NOTE: the hand disruption factor becomes less prevalent in mulligan scenarios, so don’t send back a playable 5 or 6 card hand because you’re worried about facing hand disruption.
#3: Know when to expect it
Generally, Duress is brought in against control strategies and is typically used when the aggro or midrange player has a vulnerable board state. For example, the R/B player will often cast Duress against U/W Control just prior to launching a major attack, in order to snatch a Settle the Wreckage or other instant speed removal.
Other times a player will cast Duress before attempting to cast a valuable creature or planeswalker, in order to deprive their opponent of removal or countermagic, or to force them to tap out on mana.
With Doomfall, players will most often cast it on turns 3 or 4, just prior to you casting a highly impactful card.
If you’re playing against RB Aggro (or any other deck that runs hand disruption, such as Mono Black Control, WB Vehicles, Esper Midrange or Control, etc.), try to remind yourself of typical situations in which your opponent is likely to cast hand disruption, and take note of the situations in which they do.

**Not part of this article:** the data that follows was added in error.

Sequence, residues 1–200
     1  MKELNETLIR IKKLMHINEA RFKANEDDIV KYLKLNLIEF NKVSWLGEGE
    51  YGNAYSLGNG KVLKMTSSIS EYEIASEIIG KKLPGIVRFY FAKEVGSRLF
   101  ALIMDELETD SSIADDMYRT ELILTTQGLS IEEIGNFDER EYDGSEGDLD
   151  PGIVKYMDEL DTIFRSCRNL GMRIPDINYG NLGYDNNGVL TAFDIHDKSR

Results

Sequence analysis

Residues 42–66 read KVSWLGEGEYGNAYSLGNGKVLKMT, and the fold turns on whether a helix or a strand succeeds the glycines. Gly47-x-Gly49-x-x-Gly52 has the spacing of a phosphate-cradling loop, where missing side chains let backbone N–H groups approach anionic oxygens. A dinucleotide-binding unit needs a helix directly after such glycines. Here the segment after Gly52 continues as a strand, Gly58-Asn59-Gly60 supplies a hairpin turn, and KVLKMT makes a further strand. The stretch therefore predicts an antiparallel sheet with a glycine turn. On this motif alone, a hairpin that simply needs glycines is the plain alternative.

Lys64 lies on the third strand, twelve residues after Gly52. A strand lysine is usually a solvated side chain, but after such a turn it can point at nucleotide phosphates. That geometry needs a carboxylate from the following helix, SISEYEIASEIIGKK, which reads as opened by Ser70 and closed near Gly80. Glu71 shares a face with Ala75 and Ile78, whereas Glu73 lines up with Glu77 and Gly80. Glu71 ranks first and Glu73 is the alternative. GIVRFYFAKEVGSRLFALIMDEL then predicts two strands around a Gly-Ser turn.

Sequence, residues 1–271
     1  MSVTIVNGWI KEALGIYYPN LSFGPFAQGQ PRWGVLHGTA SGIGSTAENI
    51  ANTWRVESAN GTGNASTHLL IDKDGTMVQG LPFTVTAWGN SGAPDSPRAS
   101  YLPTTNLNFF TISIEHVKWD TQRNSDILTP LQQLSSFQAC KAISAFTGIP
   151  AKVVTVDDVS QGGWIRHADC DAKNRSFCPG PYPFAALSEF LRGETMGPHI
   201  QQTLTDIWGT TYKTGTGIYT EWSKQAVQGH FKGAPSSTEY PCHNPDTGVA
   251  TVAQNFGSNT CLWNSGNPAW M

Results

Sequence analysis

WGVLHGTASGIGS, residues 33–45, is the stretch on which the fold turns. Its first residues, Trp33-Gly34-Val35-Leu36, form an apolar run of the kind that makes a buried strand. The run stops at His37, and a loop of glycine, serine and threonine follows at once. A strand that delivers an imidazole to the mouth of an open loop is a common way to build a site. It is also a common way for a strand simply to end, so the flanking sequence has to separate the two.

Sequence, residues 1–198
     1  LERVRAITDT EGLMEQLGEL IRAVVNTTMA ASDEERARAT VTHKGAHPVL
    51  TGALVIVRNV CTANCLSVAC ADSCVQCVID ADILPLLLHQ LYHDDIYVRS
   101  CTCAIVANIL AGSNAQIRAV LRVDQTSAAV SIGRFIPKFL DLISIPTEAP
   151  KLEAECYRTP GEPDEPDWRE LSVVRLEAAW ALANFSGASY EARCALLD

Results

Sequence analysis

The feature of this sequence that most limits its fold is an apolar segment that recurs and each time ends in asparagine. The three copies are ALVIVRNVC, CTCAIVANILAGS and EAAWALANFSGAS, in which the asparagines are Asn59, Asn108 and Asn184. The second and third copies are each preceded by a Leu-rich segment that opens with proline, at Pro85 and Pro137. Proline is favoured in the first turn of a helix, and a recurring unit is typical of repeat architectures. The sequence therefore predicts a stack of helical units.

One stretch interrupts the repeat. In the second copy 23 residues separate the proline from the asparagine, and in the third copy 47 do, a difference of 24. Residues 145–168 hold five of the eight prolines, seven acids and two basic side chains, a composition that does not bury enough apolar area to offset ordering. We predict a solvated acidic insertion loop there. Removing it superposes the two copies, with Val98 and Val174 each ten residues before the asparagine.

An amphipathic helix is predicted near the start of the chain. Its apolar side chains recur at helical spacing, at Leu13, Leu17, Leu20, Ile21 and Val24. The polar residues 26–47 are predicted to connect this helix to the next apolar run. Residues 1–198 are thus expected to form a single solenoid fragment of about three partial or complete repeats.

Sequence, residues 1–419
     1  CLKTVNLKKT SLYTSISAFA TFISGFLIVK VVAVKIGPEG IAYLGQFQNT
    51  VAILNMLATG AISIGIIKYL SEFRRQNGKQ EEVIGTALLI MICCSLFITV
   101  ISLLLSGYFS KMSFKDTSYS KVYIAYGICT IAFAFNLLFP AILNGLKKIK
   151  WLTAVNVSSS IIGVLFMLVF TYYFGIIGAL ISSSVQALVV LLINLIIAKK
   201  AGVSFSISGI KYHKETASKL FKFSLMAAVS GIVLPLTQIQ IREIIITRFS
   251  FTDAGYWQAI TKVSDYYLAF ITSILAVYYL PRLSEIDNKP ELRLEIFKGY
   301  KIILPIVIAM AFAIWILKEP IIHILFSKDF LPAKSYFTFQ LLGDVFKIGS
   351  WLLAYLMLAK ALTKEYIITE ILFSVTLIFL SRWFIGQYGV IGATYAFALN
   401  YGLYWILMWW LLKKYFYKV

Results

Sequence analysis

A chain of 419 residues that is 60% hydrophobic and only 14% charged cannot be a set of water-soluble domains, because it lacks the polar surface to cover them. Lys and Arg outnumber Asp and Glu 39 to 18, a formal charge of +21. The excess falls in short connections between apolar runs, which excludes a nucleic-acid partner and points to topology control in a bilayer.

Understanding how to beat hand disruption takes a lot of reps, but it’s one of those highly valuable and less-talked-about skills that can help you advance your game to the highest levels – if you make a concerted effort to master it.
If you’re interested in learning about more super valuable gameplay skills, I highly recommend clicking the link above and checking out the Level Up Your Magic: The Gathering Skills course.
The course covers a slate of those tricky gameplay skills that are difficult to master, such as Sideboarding, Combat Math and Spell Sequencing. I got a ton of value out of the course, and I know you will too.
What is your experience playing against transparent hand disruption? Or if you’re like me and you rely on using hand disruption to bring down your opponents, what are some of your strategies for deploying it effectively? Post in the comments section below or on the MTG Pro Tutor Facebook page.
Thanks for reading.
– Jeff Sheerin, MTG Pro Tutor Scribe